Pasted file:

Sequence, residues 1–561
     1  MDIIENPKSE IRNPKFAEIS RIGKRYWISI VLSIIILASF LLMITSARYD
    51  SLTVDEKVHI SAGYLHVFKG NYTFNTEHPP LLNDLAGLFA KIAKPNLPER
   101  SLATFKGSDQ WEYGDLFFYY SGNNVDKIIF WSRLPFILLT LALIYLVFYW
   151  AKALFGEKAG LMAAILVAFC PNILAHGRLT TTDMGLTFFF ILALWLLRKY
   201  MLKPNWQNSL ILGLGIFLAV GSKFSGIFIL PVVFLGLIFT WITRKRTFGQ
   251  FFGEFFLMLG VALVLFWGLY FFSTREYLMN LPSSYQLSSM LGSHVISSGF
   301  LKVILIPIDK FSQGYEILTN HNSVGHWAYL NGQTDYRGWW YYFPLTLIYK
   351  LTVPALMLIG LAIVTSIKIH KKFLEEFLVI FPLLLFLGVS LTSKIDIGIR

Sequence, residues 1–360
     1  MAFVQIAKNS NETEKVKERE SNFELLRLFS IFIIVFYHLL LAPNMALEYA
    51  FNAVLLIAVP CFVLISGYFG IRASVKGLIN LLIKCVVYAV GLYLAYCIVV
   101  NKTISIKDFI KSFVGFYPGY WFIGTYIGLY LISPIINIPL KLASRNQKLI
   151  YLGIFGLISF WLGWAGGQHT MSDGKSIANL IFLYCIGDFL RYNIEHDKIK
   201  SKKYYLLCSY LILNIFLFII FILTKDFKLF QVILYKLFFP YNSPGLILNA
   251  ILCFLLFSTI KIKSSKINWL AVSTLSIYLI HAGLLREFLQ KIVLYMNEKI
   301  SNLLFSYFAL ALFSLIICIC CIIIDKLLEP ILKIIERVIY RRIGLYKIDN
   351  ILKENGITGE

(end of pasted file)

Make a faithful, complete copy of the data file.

Sequence, residues 1–561
     1  MDIIENPKSE IRNPKFAEIS RIGKRYWISI VLSIIILASF LLMITSARYD
    51  SLTVDEKVHI SAGYLHVFKG NYTFNTEHPP LLNDLAGLFA KIAKPNLPER
   101  SLATFKGSDQ WEYGDLFFYY SGNNVDKIIF WSRLPFILLT LALIYLVFYW
   151  AKALFGEKAG LMAAILVAFC PNILAHGRLT TTDMGLTFFF ILALWLLRKY
   201  MLKPNWQNSL ILGLGIFLAV GSKFSGIFIL PVVFLGLIFT WITRKRTFGQ
   251  FFGEFFLMLG VALVLFWGLY FFSTREYLMN LPSSYQLSSM LGSHVISSGF
   301  LKVILIPIDK FSQGYEILTN HNSVGHWAYL NGQTDYRGWW YYFPLTLIYK
   351  LTVPALMLIG LAIVTSIKIH KKFLEEFLVI FPLLLFLGVS LTSKIDIGIR

Sequence, residues 1–360
     1  MAFVQIAKNS NETEKVKERE SNFELLRLFS IFIIVFYHLL LAPNMALEYA
    51  FNAVLLIAVP CFVLISGYFG IRASVKGLIN LLIKCVVYAV GLYLAYCIVV
   101  NKTISIKDFI KSFVGFYPGY WFIGTYIGLY LISPIINIPL KLASRNQKLI
   151  YLGIFGLISF WLGWAGGQHT MSDGKSIANL IFLYCIGDFL RYNIEHDKIK
   201  SKKYYLLCSY LILNIFLFII FILTKDFKLF QVILYKLFFP YNSPGLILNA
   251  ILCFLLFSTI KIKSSKINWL AVSTLSIYLI HAGLLREFLQ KIVLYMNEKI
   301  SNLLFSYFAL ALFSLIICIC CIIIDKLLEP ILKIIERVIY RRIGLYKIDN
   351  ILKENGITGE